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"Libraries: The medicine chest of the soul."
Library at Thebes, inscription over the door
Melissa is also known as lemon balm. Unfortunately, it is a frequently adulterated essential oil in aromatherapy; however, true melissa has been used traditionally and therapeutically for centuries.
Historical and Traditional Use of Melissa
Melissa (melissa officinalis) was called the “Elixir of Life” by the 16th century physician Paracelsus. It was one of the earliest known herbs to be used in medicine. Melissa is thought to have been introduced to England by the Romans, like many other herbs, and has been a feature of cottage gardens for centuries. The Latin name for melissa is the derivative for its common name, meaning “honey”, and historically it is told that melissa is named for the Greek nymph of the same name who was the protector of bees.
Traditionally, melissa was used for anxiety, melancholy and a number of nervous disorders; it was also useful for asthma, flatulence and indigestion. Other uses included as a remedy for bee stings and for use with fertility and menstrual difficulties. Today, France is still a big user of melissa leaves in herbal and other pharmaceutical products.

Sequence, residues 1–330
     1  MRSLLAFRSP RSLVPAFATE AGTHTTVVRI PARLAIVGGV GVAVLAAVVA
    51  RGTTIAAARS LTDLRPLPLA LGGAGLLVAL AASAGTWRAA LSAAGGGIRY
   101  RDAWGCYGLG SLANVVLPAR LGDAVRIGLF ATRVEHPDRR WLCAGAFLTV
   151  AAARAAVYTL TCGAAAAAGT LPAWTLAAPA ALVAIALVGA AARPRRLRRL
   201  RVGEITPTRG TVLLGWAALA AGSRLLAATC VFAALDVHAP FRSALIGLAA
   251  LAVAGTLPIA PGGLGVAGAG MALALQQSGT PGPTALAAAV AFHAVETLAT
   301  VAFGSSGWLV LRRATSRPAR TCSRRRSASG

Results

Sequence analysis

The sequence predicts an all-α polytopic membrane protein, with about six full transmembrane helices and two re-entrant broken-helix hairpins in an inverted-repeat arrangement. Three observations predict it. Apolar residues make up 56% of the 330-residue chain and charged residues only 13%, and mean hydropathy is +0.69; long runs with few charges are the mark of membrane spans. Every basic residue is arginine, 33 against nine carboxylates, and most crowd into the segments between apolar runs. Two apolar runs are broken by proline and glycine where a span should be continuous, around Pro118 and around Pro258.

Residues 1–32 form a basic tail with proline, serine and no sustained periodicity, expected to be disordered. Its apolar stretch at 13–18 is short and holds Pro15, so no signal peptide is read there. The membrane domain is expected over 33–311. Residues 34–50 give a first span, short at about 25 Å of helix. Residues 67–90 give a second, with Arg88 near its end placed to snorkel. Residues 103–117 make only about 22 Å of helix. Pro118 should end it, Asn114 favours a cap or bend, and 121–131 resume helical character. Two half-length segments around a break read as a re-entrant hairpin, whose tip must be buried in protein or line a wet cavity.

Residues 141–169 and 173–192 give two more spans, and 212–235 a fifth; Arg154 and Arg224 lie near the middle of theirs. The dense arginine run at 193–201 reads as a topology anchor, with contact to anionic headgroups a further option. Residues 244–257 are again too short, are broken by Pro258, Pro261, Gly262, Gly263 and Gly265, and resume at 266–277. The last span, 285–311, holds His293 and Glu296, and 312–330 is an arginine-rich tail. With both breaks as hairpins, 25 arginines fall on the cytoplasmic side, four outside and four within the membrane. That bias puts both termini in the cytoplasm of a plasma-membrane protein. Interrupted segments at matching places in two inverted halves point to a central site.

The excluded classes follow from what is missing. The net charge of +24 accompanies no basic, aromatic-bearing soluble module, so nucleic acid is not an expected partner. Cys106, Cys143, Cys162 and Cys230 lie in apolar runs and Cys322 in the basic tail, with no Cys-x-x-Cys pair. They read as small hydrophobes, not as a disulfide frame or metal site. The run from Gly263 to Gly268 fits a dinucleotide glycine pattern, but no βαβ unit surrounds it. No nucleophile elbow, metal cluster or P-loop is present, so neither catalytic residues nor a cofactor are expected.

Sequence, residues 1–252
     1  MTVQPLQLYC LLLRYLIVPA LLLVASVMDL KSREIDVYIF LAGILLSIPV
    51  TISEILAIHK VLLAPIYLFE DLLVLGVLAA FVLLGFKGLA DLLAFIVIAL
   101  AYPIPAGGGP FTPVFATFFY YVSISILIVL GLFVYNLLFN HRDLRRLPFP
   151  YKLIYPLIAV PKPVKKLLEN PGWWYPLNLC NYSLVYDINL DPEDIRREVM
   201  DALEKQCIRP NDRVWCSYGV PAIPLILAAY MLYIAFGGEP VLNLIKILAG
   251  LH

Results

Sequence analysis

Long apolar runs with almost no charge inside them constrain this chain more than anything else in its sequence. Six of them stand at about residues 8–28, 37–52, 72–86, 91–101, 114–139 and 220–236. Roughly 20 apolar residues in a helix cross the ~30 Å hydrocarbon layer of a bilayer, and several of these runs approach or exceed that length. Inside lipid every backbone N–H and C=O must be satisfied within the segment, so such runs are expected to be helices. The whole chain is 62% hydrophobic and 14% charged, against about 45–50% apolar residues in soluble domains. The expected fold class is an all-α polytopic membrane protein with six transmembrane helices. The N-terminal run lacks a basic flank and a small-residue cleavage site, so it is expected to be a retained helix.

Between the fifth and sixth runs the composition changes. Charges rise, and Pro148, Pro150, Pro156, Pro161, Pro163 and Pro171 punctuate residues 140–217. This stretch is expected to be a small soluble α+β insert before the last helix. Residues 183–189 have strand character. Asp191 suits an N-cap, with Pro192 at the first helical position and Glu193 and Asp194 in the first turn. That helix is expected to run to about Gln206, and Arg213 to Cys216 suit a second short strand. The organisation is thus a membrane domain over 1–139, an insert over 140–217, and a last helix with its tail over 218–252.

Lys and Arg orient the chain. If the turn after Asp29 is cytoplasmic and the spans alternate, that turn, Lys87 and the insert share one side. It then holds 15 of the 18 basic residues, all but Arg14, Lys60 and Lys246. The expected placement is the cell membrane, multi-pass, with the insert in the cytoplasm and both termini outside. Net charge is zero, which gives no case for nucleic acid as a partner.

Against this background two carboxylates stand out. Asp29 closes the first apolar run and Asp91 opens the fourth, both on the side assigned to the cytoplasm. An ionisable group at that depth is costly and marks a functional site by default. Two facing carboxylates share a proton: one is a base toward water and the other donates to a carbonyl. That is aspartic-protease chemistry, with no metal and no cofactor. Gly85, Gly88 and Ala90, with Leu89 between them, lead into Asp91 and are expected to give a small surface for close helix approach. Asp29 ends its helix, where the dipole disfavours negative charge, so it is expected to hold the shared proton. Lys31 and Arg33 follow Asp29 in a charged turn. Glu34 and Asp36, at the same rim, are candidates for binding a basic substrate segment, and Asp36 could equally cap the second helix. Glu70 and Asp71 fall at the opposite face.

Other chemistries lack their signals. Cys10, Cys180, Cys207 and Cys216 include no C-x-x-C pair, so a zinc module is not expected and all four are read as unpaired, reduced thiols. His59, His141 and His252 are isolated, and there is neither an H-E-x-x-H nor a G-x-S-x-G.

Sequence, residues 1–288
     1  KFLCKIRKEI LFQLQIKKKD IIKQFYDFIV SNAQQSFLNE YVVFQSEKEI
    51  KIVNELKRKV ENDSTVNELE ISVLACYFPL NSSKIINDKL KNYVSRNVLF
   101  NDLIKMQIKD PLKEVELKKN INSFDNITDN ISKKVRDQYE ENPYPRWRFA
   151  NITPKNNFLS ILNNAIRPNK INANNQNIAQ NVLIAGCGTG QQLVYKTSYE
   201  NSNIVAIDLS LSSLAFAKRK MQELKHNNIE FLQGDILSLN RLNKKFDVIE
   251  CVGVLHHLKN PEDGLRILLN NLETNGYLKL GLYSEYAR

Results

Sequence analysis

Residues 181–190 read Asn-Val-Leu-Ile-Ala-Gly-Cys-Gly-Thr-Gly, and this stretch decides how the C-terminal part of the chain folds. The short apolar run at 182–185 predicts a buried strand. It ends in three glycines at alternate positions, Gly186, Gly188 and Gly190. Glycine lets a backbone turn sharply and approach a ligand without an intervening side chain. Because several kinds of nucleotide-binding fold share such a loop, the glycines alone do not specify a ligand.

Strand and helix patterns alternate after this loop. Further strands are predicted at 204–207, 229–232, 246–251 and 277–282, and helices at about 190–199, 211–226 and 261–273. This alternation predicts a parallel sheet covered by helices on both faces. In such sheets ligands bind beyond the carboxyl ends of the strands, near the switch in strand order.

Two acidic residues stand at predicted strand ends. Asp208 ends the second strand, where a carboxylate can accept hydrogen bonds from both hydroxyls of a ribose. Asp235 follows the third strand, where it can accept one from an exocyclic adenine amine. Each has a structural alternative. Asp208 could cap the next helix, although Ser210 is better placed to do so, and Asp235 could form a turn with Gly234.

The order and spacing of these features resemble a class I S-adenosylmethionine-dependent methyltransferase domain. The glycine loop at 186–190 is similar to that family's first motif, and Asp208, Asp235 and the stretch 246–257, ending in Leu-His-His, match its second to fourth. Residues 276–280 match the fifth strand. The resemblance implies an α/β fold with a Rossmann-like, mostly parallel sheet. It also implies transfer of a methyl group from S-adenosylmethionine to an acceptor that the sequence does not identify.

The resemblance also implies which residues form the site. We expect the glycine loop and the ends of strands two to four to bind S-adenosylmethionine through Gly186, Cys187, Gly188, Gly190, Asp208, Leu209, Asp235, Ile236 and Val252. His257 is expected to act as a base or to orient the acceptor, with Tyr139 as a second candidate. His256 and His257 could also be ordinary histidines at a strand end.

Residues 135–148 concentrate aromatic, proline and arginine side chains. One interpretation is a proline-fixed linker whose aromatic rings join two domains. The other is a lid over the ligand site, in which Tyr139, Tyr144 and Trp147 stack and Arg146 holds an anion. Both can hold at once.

Adulteration of Melissa Essential Oil
True melissa oil is difficult to find as it is an essential oil which is frequently adulterated. Melissa has a very low yield, due to a very high proportion of water in the plant's structure; therefore a huge quantity of the plant is needed to make up the smallest amount of essential oil.
Common oils which are used to adulterate Melissa include lemon (citrus limon), lemon verbena (aloysia triphylla)and lemon grass (cymbogon citratus), as these plants have similar scents to melissa; more often than not, a commercial blend of of these oils are marketed as melissa oil rather than the true, unadulterated essential oil.
Use of Melissa Oil in Aromatherapy
Melissa is a calming essential oil for both mind and body, possibly due to its uplifting, lemony fragrance. It is useful in skin care, for allergies, insect bites and as an insect repellent; it can be used to help indigestion, colic and nausea.
Melissa is also useful for asthma and respiratory diseases, menstrual difficulties, shock, migraine, nervousness, insomnia, anxiety and depression. The properties of melissa include sedative, a tonic, carminative, anti-inflammatory, digestive and anti-viral. Other uses include use in the perfumery world in the formulation of cosmetics, perfumes and soap, as well as in the food industry.
Melissa essential oil, like those of rose and jasmine, is a highly priced oil which is frequently adulterated. For aromatherapy use, only true Melissa essential oil will produce the therapeutic properties contained within the plant.
Davis, Patricia 2005 Aromatherapy An A-Z London:Vermilion
Lavabre, Marcel 1990 Aromatherapy Workbook Vermont: Healing Arts Press
Lawless, Julia 1995 The Illustrated Encyclopedia of Essential Oils London: Element
This article was written by Sharon Falsetto and appeared in its original format on Suite101 as Melissa Essential Oil
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